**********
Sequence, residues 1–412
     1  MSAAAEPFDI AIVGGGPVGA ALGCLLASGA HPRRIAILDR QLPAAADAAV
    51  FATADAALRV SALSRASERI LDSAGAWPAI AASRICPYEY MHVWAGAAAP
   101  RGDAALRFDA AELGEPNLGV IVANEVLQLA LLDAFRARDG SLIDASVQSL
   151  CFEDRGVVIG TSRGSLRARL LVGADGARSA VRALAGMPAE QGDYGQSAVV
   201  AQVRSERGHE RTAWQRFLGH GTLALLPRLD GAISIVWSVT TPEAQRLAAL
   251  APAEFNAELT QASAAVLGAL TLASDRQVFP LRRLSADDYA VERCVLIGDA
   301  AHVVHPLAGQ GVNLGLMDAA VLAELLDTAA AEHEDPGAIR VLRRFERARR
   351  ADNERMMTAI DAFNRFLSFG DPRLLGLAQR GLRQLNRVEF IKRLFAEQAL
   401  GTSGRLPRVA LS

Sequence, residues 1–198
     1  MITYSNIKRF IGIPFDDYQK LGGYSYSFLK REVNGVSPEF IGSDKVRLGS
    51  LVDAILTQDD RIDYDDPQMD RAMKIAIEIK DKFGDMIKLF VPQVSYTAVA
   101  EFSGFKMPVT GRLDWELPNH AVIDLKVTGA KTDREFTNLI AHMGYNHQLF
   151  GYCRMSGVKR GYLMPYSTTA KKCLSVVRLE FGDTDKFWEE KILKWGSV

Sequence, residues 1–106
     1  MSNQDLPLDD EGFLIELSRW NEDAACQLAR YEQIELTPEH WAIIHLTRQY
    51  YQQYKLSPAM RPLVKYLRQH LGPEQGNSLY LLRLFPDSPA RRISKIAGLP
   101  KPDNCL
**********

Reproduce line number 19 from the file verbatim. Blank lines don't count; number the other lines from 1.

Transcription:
   101  KPDNCL